Published Oct 15, 2009After a bumpy ride to completion, Spike Jonze has turned in a beautiful, visceral, resonant adaptation of Maurice Sendak's classic picture book. Max is an imaginative eight-year-old boy and Jonze immediately taps into his rambunctious energy, opening with a fast shaky cam following Max barrelling down the stairs after his dog.
The kinetic impact with which Jonze captures Max at play is surprisingly ferocious, a theme not dulled as the film progresses. Desperately seeking attention from his older sister and mother (Catherine Keener), Max dramatically acts out until the rage of his family's emotional neglect overwhelms him and, clad in his signature wolf suit, he flees home. Sailing across an immensely violent sea, Max comes upon an island, and the Wild Things.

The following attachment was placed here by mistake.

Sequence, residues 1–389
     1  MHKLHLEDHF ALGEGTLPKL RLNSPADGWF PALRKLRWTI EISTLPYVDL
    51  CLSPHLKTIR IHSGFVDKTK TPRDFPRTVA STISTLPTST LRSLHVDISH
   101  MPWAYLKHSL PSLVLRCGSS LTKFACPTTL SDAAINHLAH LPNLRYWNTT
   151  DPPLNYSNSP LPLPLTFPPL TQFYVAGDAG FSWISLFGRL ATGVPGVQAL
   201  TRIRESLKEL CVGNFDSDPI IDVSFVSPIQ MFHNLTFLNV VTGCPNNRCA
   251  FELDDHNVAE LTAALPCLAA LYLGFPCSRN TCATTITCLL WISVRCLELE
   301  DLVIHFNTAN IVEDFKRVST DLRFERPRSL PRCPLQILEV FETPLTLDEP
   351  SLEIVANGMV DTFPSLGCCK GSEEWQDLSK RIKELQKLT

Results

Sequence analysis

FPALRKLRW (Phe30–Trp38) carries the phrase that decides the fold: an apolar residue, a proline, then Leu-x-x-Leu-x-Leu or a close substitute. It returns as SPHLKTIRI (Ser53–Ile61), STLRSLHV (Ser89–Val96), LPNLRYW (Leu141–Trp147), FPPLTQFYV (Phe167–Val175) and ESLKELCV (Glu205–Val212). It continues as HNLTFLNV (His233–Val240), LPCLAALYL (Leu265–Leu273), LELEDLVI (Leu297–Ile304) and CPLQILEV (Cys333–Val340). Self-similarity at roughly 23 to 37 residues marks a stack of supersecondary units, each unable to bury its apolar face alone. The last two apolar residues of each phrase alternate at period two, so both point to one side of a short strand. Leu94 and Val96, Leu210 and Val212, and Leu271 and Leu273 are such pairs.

In this land, Max's vivid imagination is his greatest tool, using his wits to gain the friendship of the Wild Things, and avoid being eaten. He forms a fast friendship with the adorably rotund but hot-tempered Carol, voiced to wheezy perfection by James Gandolfini. Catherine O'Hara, Chris Cooper, Paul Dano and Forest Whitaker round out the rest of the fantastic Wild Thing voices. Each actor finds such a distinct and innocent voice and tone for their character that it's difficult at first to detect just who's playing who, aside from Gandolfini and O'Hara, the latter of whom absolutely nails the comedic beats.
The Wild Thing designs are wonderfully solid costumes that look very lived-in, giving Max something real to play off of, burry his face in and climb on, but the seamless CG work on their faces allows for a complex range of emotional displays animatronics could never match.
Young Max Records anchors the film with a soul-stirringly honest and emotionally invested performance of a calibre impressive at any age. If you've read the book, you know how it ends. If not, you should be able to figure it out.
Where the Wild Things Are is about lessons taught in strange journeys of the mind, even though its destination is one that should tug directly on the heart strings of people from eight to 80. This is a weird, touching, transcendent and sure to be timeless cinematic experience. (Warner)